The best way to get inspiration for writing is to look at the pictures on my camera. Lately, the camera has been empty, save for all the images that get downloaded but never deleted. Then a day will come when suddenly there are many things to photograph and talk about. At this point in winter, it isn't so much the changes in the landscape. That will be coming one day soon. Right now, it's in the level of activity that we see. With the lengthening of the days, we are also seeing more action around us. It's like we are all waking up from that proverbial long winter's nap, and we need to squeeze in as much cold weather fun as possible. Soon it will be over.
Last weekend, our friends John and Ted headed out with skis and pulks, ready to spend a few days in the wilderness. Fortunately, a warm abode awaited them. They had the sleds loaded, but the skiing was a little slow that day. We've had warm-ups and cool-downs, and the conditions vary at times throughout the day. We heard that they had to make some load adjustments as they ventured along, but finally they made it. The favorable temperatures certainly help in times like these. Had it been twenty below and windy, it would have been much harder.
Paul and I were on our way to town yesterday, and on the roadside, I saw a small dark figure, waiting to cross. I wondered if it was a groundhog, making an early appearance. We are not quite through the full "six more weeks of winter" that his relative predicted on February 2. As we approached, I spotted the telltale appendage---his paddle shaped tail. It was a beaver. We pulled over while he contemplated his next move. He really looked exasperated, as he started into the road, then reluctantly turned around and headed back through the swamp from where he had come. We had enough time to snap a photo of his frustrated little self. I could faintly hear him grumbling, "Work to be done, work to be done...." We noticed that the path he took was really a little highway, trodden and packed with evidence of many crossings. Now that we know the location of this secret trail, I'll be sure to keep a sharper eye towards beaver activity. I hope we didn't disrupt his day too much. I think I sometimes know what it feels like to be as busy as a beaver.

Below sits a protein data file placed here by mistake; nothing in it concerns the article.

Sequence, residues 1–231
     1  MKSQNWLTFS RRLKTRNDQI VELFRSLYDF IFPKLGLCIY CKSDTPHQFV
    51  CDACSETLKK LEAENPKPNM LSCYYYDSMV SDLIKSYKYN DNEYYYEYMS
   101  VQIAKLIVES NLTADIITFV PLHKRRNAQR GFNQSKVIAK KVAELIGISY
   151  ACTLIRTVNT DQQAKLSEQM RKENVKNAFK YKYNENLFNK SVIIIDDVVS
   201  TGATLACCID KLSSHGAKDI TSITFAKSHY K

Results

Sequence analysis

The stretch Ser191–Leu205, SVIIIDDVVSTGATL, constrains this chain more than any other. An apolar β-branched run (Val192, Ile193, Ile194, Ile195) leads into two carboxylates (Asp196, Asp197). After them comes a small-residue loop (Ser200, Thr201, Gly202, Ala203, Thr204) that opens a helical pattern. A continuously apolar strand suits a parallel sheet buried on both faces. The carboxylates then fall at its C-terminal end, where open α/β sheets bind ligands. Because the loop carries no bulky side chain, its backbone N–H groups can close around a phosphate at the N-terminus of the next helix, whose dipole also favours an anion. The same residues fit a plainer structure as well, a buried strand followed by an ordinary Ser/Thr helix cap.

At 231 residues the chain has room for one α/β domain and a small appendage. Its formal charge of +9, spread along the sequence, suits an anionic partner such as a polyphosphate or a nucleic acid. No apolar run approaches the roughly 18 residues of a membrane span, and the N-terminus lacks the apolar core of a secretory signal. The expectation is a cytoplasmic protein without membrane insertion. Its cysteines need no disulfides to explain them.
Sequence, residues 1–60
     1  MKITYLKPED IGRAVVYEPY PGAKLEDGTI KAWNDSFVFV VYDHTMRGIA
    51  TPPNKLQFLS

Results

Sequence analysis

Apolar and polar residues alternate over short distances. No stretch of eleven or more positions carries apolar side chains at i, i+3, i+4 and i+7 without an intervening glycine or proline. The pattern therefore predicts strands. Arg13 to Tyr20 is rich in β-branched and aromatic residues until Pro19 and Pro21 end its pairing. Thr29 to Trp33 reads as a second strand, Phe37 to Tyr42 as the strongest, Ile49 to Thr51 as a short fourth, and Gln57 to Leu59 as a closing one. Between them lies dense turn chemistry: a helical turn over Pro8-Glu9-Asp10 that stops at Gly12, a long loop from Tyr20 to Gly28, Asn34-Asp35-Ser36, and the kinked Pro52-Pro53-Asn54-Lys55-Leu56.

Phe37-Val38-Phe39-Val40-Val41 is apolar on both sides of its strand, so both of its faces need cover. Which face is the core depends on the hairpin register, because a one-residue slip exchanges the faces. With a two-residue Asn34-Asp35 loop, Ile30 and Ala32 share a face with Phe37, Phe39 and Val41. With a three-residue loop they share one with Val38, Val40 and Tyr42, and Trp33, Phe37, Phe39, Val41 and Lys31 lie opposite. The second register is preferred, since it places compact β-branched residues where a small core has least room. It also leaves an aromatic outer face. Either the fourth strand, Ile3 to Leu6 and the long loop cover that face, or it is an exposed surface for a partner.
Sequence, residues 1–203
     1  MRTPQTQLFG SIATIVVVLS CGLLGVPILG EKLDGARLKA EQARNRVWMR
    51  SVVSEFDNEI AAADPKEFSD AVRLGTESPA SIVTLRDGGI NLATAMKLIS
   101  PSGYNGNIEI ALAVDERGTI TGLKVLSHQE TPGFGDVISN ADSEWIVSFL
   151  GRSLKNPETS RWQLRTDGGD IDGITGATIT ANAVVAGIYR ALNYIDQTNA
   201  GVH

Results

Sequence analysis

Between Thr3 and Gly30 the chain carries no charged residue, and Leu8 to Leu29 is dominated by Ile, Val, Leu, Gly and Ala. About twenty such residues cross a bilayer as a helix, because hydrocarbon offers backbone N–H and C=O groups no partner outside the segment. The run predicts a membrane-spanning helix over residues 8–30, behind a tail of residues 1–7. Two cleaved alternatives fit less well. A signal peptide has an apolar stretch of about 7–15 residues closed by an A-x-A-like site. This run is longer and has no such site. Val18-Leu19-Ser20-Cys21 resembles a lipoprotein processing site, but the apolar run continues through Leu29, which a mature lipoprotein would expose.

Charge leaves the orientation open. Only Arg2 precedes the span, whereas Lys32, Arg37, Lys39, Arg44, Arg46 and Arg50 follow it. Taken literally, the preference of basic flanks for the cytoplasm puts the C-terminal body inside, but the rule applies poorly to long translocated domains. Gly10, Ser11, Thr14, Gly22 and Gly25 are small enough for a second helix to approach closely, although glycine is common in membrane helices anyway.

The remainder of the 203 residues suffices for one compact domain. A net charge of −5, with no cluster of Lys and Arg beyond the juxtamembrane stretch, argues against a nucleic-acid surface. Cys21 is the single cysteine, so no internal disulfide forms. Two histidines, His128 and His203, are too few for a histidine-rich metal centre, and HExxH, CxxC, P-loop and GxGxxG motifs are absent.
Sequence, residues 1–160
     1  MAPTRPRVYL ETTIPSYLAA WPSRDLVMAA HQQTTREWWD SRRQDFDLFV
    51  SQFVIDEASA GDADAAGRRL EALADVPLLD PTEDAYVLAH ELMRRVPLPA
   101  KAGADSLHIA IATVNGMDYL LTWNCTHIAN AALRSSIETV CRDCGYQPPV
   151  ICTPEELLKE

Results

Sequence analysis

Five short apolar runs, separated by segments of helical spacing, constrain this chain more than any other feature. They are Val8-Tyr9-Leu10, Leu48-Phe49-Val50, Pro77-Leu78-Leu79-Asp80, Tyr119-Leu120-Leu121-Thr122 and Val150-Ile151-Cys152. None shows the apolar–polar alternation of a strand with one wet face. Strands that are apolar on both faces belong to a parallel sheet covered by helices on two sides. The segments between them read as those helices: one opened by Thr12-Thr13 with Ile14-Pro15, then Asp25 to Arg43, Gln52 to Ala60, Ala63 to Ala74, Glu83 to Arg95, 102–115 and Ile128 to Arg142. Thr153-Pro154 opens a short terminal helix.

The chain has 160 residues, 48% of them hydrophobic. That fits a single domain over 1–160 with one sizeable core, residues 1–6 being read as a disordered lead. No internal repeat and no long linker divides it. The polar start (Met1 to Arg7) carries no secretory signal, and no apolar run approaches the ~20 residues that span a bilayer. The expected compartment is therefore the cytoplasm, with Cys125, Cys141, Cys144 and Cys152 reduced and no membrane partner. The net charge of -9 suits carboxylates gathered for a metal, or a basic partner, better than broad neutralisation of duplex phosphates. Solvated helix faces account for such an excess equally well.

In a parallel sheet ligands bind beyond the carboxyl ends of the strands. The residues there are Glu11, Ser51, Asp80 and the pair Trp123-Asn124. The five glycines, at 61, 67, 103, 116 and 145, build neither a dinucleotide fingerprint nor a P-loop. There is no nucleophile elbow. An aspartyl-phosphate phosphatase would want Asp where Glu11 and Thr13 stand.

Judging by all of the tracks in the snow outside the lodge this morning, lots of other bodies are busy, too. With a fresh dusting to showcase them, I saw tracks from deer, pine marten, squirrel, birds, and even a mouse. Noticeably missing were the wolves. It seems this winter that we are spotting their tracks on a near-daily basis. I guess they went to some other restaurant last night, and gave our deer a reprieve.